If you're not reading comments here, you're missing out. For reasons I don't entirely understand, some of the best in the business are seeing fit to comment here. They have more to teach than I do!
Chris Rusbridge (of, among other things, this thought-provoking meditation on digital preservation) has been spotted here, and whenever he pops up he makes me think about things. This time, I was thinking about disciplinary expertise, and how I need to make a better case that less of it is necessary for data curation than generally admitted.
I hope we can at least admit that data curators don't have to be researchers themselves. Do researchers have to be involved in the curation of their own data? Absolutely! Data curation starts at the beginning of the study-design process, and continues all the way through and past publication. But that doesn't mean that researchers have to do everything. The exact division of labor is still being sorted out; that's partly what this blog is about. That the labor must and will be divided appears to be beyond dispute.
The corollary to this is that a data curator will almost always know less about the data, viewed from certain axes, than the researcher does. She may well know more about it viewed from some other axes—file format details, metadata crosswalking, whatever. Some things, though, she won't know and presumably won't have to.
So what does she have to know about the research and the discipline in order to be a responsible data steward? And does she have to walk into the process with that knowledge pre-existing, or can she learn it as she works on the research project? How much of what she needs to know will transfer from other projects she's worked on?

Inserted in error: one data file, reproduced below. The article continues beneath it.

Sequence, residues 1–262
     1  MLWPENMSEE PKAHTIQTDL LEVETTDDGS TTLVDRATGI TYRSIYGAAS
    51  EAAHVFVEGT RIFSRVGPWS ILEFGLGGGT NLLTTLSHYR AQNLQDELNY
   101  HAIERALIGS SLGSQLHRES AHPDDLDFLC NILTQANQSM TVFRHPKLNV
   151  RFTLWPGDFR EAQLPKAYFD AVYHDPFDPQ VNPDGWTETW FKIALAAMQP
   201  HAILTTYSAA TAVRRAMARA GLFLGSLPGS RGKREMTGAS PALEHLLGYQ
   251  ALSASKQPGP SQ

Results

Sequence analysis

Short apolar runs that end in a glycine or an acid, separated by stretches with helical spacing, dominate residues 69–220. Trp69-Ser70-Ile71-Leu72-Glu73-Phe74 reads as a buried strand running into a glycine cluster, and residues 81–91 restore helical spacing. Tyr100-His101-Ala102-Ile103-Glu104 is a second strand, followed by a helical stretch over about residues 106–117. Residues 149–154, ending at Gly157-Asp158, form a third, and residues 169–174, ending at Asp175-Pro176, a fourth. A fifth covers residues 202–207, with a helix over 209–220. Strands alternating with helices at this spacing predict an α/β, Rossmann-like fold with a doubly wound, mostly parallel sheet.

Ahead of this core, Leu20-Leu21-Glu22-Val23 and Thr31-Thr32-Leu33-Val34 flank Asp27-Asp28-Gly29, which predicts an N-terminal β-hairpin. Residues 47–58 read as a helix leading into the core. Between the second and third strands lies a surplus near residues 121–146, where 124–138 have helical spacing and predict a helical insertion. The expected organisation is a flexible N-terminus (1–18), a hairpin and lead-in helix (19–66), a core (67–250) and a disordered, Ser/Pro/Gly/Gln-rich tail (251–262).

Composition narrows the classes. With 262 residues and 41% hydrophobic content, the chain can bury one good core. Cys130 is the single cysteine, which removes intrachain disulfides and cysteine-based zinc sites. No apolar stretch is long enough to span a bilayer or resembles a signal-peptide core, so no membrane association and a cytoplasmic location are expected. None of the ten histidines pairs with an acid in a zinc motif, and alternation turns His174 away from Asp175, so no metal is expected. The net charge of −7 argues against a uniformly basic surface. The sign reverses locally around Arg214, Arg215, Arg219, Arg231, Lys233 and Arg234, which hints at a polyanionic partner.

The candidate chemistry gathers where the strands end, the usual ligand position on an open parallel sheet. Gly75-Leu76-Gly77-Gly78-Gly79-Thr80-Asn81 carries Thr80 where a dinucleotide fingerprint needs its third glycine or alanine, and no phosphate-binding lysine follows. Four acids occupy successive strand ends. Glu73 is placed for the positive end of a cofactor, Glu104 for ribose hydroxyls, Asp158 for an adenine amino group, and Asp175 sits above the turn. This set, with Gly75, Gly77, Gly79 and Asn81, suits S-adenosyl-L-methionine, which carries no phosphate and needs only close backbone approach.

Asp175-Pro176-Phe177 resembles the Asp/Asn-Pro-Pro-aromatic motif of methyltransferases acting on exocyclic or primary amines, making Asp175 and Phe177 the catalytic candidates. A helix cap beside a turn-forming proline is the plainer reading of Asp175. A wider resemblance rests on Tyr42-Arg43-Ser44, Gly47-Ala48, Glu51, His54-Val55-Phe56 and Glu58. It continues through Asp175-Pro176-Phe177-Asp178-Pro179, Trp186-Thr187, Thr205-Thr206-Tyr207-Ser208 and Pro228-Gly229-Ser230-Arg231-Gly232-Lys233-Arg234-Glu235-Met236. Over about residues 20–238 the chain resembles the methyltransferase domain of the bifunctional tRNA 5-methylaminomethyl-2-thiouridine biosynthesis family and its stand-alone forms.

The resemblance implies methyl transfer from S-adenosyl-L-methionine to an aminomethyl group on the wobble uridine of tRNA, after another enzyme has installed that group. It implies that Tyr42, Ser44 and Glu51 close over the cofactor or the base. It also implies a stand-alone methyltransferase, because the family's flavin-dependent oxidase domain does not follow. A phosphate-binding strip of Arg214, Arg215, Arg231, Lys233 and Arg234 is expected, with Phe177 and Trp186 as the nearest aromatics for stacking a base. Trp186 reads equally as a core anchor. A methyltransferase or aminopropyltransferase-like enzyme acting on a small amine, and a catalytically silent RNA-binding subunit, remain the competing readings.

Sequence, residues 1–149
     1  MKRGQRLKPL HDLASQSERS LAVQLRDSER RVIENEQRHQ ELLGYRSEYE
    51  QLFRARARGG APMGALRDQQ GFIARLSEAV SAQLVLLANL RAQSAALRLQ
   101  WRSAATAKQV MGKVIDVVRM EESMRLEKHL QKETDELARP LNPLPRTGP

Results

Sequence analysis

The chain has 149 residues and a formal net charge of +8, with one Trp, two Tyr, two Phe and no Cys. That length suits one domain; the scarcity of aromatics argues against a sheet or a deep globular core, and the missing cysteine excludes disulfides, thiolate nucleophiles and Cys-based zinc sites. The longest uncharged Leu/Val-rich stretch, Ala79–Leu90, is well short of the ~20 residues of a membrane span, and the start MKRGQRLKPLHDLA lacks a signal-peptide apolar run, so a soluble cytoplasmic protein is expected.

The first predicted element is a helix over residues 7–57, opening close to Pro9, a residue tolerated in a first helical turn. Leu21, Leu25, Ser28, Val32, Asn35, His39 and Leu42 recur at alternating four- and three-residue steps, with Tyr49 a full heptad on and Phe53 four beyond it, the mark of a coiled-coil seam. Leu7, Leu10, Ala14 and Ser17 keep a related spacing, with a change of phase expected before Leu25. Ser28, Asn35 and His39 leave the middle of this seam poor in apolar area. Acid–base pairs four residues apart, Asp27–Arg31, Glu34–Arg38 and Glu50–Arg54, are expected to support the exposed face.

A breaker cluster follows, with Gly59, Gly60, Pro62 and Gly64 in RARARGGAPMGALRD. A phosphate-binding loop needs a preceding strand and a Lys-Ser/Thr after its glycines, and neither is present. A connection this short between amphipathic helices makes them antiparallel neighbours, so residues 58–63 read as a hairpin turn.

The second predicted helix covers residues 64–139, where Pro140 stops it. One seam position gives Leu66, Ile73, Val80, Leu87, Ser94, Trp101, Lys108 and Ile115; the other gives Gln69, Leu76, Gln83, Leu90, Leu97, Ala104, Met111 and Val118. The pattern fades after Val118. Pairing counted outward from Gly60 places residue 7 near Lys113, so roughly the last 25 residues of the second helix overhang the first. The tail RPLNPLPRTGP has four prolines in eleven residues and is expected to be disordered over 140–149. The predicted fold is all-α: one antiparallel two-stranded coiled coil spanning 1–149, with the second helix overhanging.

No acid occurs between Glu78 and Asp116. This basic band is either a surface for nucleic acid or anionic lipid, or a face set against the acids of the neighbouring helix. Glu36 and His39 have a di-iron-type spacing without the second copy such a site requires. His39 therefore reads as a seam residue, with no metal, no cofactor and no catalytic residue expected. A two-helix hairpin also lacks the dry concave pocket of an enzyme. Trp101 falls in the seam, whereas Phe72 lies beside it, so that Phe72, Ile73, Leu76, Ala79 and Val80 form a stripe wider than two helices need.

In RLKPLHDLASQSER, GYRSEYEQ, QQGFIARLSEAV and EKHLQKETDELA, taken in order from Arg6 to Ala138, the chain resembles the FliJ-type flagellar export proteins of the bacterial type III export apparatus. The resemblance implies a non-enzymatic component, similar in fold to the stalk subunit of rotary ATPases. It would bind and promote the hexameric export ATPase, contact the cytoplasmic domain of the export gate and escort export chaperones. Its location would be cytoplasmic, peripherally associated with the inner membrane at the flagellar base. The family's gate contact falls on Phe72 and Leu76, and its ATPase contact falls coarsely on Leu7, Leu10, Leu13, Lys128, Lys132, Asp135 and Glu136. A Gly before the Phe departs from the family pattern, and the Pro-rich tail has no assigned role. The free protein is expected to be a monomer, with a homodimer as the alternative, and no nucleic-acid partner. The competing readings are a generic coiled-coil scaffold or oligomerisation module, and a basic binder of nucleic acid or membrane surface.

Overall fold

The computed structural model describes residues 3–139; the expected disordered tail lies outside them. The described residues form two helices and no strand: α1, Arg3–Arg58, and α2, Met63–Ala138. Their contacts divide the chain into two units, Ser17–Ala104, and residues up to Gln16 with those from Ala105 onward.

Cards on the table: in the absence of much evidence either way, I think that someone with the intelligence, disciplinary background, and intellectual curiosity of a good subject-specialist librarian can learn enough "on the job" to hit the 80/20 point pretty easily—and 80/20 is more than good enough for a successful campus data-curation program in my book. The other 20% of edge cases can hire specially.
I'll use a True Story about myself as an anecdote. Feel free to quarrel with me (civilly, please) in the comments.
Some years ago I did a small contract job for the ACLS E-book project. They were working on rekeying and marking up an art-history book with extended segments of polytonic Greek text. Their keying vendor took one look and said "no way do we key polytonic Greek." So ACLS told them to key the rest of it and leave placeholders for the Greek. They came to me asking whether I could key the Greek in proper Unicode without snarling up the markup.
I have never studied Greek. I do not speak Greek. I do not write Greek. I do not read Greek, except in the sense that I recognize the letters and can laboriously sound them out. Don't ask me what in the world the accents and squiggly bits in polytonic Greek mean; I haven't the slightest clue.
Not snarling up markup? That I can manage. After an hour or so of research, I found fonts and tools that could enable me to do the keying job correctly and with reasonable efficiency. ACLS and I agreed on a price, and off I went. I didn't know what the squiggles meant, but I could reproduce them, and that was plenty good enough.
When it came time to proof my work, I didn't rely just on my own eyes; that would have been stupid. I called in my classics-major husband. He found typos and the odd homeoteleuton, which I duly fixed up. I sent the result back to ACLS, and they were happy enough to pay me, so there that is.
And there we have it: a partnership between a tech geek and a reasonably well-trained domain specialist (kindly note that my husband was an undergraduate classics major) took care of a data job. I think this can happen more often in more fields.
The chief barrier is the belief that it can't.